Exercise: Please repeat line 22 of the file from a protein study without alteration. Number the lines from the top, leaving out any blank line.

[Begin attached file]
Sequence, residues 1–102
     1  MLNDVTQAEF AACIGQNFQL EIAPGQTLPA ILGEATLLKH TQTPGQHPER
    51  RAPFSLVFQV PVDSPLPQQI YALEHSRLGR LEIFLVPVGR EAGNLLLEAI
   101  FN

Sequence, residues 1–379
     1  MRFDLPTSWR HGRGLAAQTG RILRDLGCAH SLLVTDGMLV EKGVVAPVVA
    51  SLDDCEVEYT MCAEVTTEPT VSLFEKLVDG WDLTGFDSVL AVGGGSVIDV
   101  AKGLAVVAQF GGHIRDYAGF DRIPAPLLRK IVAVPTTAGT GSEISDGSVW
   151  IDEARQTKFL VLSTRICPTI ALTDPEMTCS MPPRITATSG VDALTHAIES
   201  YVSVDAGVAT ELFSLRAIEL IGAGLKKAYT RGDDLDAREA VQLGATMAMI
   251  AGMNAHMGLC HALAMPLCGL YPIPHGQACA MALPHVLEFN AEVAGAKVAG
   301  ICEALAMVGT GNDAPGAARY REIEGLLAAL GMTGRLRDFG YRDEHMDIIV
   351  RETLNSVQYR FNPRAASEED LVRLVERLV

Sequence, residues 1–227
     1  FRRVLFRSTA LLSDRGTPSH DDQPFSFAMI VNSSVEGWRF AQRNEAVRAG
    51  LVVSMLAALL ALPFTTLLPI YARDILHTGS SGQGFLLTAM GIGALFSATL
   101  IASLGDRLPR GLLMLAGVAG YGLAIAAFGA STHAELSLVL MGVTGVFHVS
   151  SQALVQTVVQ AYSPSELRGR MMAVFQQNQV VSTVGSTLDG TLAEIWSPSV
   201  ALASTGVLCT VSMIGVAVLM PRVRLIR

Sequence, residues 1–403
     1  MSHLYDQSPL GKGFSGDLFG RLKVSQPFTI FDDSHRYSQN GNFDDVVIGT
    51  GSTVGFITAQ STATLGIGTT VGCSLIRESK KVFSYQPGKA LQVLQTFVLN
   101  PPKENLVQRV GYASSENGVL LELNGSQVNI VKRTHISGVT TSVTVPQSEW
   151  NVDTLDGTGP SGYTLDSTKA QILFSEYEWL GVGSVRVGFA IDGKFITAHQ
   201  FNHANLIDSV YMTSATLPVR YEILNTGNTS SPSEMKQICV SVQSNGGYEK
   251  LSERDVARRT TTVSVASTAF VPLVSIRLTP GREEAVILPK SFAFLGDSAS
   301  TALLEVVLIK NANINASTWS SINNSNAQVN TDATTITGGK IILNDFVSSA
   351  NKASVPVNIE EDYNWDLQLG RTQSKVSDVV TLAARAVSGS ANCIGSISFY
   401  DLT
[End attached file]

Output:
    51  GSTVGFITAQ STATLGIGTT VGCSLIRESK KVFSYQPGKA LQVLQTFVLN